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Making waves

Nov 7, 2014

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Physicist crowned with prestigious award in ultrasound

By Alisa Kim

Dr. Kullervo Hynynen, director of Physical Sciences at Sunnybrook Research Institute (SRI), was chosen as the winner of the 2014 Rayleigh award by the Institute of Electrical and Electronics Engineers (or IEEE, pronounced “eye-triple-E”).

The Rayleigh award represents the IEEE’s highest honour for achievement within the field of ultrasonics and is presented annually by the Ultrasonics, Ferroelectrics and Frequency Control Society.

Hynynen, who is also a professor at the University of Toronto, was presented with the award at the IEEE’s International Ultrasonics Symposium, which was held Sept. 3–6, 2014, in Chicago, Illinois.

He was chosen from among 11 other nominees for his work on image-guided therapeutic ultrasound, in particular, for pioneering the use of focused ultrasound to ablate brain tissue noninvasively and to open, reversibly, the blood-brain barrier.

Dr. Stuart Foster, a senior scientist at SRI and the 2010 winner of the Rayleigh award, says the honour recognizes a body of work and is given to someone who has made “extensive and original contributions to the field over a long period of time.” Sunnybrook Research Institute is the only research centre in the world to have two winners of this important award.

Foster notes the award is named after Lord Rayleigh (John William Strutt), a British physicist who discovered the inert gas argon, for which he was awarded the Nobel Prize in 1904. Lord Rayleigh was also the first to describe the scattering of sunlight, which causes diffuse sky radiation and is the reason for the blue colour of the daytime sky.

Hynynen was picked for the honour because of his considerable achievements in therapeutic ultrasound, says Foster. “He’s widely known as the father of this field,” he says.

Reflecting on Hynynen’s accomplishments, it’s not hard to see why he is regarded as a trailblazer in focused ultrasound in medicine.

In partnership with industry, Hynynen, who holds the Canada Research Chair in Imaging Systems and Image-Guided Therapy, invented and commercialized technology that pairs focused ultrasound with magnetic resonance imaging (MRI) to treat disease precisely and noninvasively.

This technology is redefining surgery as scalpel-less. High-intensity focused ultrasound, or HIFU, guided by MRI can heat and destroy targeted tissue without harming surrounding healthy tissue—all without breaking skin.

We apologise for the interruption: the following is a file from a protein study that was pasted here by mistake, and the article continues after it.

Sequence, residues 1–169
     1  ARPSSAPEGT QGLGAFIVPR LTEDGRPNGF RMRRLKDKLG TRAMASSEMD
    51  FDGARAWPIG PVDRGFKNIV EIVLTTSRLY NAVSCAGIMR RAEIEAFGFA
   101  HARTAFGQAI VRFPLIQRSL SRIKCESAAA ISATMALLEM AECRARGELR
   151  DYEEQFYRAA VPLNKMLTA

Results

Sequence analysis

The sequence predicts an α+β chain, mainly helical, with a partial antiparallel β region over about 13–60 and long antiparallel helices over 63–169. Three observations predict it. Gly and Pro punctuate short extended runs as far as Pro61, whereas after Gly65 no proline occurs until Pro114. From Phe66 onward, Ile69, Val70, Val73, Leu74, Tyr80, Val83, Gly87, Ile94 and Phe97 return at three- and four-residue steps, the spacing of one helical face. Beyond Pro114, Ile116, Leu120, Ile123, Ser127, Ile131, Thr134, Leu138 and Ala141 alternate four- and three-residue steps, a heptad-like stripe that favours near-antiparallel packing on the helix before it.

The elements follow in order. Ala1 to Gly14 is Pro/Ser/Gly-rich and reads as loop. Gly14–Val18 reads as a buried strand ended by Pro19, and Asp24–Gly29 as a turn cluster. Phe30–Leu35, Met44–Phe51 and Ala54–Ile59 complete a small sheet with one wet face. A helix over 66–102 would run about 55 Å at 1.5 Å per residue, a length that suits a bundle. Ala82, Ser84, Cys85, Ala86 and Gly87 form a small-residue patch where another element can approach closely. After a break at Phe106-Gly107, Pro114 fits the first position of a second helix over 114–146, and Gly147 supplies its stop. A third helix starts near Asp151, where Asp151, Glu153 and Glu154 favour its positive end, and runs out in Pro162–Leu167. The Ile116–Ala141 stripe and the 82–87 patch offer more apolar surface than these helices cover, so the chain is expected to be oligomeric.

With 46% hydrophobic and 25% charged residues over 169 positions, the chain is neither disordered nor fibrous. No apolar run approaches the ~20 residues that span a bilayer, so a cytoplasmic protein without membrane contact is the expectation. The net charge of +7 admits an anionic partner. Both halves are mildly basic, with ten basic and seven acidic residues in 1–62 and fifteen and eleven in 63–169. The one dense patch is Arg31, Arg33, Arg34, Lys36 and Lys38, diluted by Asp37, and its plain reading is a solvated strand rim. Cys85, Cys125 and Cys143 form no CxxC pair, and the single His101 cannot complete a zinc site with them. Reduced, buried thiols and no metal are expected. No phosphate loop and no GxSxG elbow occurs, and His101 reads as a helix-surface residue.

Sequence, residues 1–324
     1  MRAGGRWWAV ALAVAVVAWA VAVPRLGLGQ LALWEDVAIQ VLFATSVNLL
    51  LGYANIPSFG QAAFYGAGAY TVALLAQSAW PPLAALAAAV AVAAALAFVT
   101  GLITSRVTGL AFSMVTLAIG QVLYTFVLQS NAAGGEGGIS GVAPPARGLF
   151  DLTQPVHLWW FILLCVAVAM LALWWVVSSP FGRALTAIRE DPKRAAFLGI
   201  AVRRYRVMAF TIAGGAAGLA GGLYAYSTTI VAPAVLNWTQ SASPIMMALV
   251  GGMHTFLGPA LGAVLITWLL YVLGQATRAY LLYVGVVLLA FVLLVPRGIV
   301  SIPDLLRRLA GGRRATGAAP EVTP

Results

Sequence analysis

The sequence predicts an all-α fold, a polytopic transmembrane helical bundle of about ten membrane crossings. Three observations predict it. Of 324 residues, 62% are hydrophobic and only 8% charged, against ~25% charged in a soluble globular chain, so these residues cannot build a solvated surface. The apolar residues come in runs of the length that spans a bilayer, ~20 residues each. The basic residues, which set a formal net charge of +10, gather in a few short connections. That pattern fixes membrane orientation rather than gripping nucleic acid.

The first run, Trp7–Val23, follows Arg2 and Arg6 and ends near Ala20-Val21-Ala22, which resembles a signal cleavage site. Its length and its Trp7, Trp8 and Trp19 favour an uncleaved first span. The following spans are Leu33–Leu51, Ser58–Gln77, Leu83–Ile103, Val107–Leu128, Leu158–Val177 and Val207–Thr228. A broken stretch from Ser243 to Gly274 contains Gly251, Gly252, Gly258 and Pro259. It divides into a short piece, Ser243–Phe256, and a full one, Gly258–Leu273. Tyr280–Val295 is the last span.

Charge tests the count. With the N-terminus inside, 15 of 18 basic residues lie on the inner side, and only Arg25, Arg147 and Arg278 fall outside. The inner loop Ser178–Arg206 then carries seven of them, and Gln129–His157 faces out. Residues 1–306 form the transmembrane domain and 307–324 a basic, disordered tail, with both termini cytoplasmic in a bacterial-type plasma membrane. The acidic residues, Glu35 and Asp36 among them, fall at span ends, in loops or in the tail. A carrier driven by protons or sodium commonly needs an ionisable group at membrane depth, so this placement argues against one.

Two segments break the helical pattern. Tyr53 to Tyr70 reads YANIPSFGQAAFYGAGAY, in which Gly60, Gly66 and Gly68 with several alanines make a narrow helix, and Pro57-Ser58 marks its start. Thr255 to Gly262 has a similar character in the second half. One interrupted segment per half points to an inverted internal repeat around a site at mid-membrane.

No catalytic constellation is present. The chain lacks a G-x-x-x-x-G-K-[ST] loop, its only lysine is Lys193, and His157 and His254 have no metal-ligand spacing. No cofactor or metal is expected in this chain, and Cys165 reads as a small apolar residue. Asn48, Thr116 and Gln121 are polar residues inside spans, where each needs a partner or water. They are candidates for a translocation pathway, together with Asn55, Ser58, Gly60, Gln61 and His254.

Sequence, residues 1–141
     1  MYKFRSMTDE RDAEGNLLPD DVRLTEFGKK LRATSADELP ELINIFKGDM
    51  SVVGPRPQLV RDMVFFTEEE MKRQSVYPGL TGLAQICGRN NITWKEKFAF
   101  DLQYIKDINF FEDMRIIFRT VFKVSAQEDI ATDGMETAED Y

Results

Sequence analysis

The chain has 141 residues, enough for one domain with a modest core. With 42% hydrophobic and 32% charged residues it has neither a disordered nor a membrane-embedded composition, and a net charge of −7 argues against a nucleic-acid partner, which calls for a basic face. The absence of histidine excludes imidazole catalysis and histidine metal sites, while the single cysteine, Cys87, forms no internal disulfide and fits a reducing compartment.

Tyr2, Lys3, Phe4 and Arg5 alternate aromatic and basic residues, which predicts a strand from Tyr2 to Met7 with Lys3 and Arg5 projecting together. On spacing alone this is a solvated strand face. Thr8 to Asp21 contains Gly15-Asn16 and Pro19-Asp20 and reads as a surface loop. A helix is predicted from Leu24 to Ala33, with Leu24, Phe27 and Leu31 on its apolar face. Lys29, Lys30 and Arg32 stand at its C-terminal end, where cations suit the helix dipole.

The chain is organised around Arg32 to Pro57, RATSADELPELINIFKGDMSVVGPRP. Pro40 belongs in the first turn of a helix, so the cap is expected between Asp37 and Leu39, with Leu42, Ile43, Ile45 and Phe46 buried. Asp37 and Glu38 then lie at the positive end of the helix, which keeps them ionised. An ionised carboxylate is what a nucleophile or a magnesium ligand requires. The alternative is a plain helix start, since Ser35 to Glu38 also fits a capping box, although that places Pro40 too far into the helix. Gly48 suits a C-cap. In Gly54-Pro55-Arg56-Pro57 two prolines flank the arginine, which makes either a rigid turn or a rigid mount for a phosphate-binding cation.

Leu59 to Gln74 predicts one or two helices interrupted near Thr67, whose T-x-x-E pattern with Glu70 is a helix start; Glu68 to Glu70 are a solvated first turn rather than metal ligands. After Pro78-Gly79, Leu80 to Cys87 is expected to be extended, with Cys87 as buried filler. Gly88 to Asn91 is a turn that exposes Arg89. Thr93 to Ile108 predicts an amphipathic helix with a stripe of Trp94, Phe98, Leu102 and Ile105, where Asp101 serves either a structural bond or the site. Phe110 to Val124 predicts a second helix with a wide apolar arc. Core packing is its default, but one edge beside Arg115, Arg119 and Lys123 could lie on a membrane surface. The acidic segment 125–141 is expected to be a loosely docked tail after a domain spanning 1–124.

Hynynen and neurosurgeons at Sunnybrook conducted the first Canadian clinical trial evaluating MRI-guided HIFU to treat essential tremor. The results were impressive; patients unable to drink from a cup or sign their name legibly were able to do so after treatment.

Even more compelling is focused ultrasound’s nonthermal capability: opening the blood-brain barrier for targeted delivery of therapy. Hynynen published the first experiment using MRI-guided focused ultrasound to deliver immunotherapy to preclinical models with Alzheimer’s disease.

The remarkable results showed antibodies cleared amyloid-beta, a protein found in plaques that are a hallmark of the disease, significantly faster than injecting antibodies in the bloodstream.

He has also shown that it can be used to deliver gene therapy to specific brain regions, including the hippocampus, which is important for memory and learning.

These results are preclinical, but clinical translation is on the horizon. Hynynen is among the lead scientists of the Slaight Centre for Image-Guided Brain Therapy and Repair at SRI. The centre will be the site of the world’s first clinical trials testing the use of focused ultrasound to deliver therapy through the blood-brain barrier to treat brain disorders including dementia and stroke. Read Breaching Barriers to learn more about Hynynen’s research on focused ultrasound.

It is in light of these significant advances that the Rayleigh award committee chose Hynynen for the accolade, says Foster. “The award is [given] to individuals who have really changed the landscape of ultrasonics, where you can point to things where they’ve had a significant effect and changed the way people do things.”

Dr. Kullervo Hynynen